|Red: Bad parents; Green: Good parents; Blue: Super-cool parents|
When you become a parent, you get tons of advice. From friends; from parents (now grandparents); from great grandparents; sometimes from siblings; often even from complete strangers you meet on the street.
The complaints are as varied as they are frequent: You aren't feeding them enough, or god-forbid you are feeding them too much, or all the wrong things; you are ignoring that they are cold; does she feel warm to you?; you aren't putting them to nap properly; have you missed that they she is teething?; you aren't setting enough boundaries, wait wait, you are setting entirely too many!.
Almost every suggestion you'll hear comes complete with the potential for the opposite advice from some other corner. Except maybe two: You probably are letting them play with too many toys your parents' generation never had and you probably are being more permissible than they were; just accept those, um, facts.
That's right, a large portion of parents, and overwhelming amount, even, are doing it right. That includes families where parents work two jobs, families where both parents work; families who are more well off and families who are less well off.
Listen, parents are going to screw up their kids. There is simply no way you can live with someone for 20 years of your formative life, someone who's job is essentially to say no, and not come away with some resentment about something. I think everyone who is honest with themselves would say they would do something different than their parents did.
I know I feel that way. That isn't to say my parents did a bad job; they did a different job. I'm sure when my kids reach my age they will want to do some parenting differently than I do, despite my best efforts.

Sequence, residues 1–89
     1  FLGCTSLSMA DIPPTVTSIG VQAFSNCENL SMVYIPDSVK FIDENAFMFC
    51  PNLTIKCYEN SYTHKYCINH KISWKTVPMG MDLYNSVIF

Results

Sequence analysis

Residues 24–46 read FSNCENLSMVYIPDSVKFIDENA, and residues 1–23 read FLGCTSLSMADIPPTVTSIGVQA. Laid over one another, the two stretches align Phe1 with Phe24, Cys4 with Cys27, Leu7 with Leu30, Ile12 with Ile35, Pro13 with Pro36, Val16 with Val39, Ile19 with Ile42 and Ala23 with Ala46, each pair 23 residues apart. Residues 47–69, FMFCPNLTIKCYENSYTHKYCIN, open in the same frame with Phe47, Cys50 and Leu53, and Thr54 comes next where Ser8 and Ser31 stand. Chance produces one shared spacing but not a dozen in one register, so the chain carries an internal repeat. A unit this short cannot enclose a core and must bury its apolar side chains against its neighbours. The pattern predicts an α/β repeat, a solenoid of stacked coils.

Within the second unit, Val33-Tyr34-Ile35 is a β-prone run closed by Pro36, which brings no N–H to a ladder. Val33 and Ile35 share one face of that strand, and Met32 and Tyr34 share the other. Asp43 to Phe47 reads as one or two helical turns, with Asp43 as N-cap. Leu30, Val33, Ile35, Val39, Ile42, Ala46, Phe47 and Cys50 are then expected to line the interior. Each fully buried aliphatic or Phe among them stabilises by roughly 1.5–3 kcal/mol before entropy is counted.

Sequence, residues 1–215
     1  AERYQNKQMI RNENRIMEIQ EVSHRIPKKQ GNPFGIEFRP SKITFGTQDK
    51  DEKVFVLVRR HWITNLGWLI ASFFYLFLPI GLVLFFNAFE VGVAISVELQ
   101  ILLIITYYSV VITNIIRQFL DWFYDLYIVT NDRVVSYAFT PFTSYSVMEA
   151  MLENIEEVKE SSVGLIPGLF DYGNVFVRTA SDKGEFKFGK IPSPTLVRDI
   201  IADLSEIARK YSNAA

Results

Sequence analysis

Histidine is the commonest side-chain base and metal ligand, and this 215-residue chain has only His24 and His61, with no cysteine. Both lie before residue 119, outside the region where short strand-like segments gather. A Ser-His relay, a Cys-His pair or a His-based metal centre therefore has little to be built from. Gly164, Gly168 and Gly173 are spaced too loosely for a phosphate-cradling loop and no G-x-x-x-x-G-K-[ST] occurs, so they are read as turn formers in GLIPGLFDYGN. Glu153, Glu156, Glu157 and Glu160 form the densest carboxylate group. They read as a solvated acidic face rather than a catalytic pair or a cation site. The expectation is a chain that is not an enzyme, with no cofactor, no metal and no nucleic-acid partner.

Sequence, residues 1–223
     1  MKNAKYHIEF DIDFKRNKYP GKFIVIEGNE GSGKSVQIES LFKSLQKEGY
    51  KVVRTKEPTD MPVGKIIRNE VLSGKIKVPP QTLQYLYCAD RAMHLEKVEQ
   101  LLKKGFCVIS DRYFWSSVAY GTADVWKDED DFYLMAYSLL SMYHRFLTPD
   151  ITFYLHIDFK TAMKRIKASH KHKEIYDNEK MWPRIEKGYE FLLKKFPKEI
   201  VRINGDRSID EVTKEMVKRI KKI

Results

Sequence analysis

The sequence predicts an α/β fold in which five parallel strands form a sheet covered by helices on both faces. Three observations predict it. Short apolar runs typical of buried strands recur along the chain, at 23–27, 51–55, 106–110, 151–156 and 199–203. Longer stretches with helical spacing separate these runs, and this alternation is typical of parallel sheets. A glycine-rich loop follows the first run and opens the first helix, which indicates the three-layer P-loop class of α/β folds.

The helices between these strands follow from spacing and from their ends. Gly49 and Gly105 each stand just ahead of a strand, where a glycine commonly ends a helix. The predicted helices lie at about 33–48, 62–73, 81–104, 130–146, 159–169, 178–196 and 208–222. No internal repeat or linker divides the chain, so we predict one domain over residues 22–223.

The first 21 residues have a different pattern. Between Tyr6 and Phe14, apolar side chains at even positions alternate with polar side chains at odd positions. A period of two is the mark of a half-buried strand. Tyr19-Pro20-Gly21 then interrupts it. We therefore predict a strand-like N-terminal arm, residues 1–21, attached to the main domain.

But different isn't wrong. 1,000 years of human history, countless generations of families and tens of millions of humans tell us that we are doing an OK job of raising our little ones.
Why? Some of it is genetics. Our kids are as smart as they will be at birth. At birth their relative happiness is also set. Sure, we have some ancillary affect on both depending on how much we interact with them, but outside of letting wolves raise them they will reach their set intelligence and happiness.
If you pay attention to your kids and spend the time you can with them and avoid abusing them, you probably fall somewhere in that green area. Because raising kids is much more about giving them attention and love, almost regardless of the type. Even if that means watching TV with them.
Congrats. You are a good parent.
Keep this in mind when you become that grandparent mentioned in the beginning of the article or when you want to tsk tsk that mother (or father, but honestly, its never the father) next to you.
Next week: How to get out of the green and into the super-cool blue area of parenting.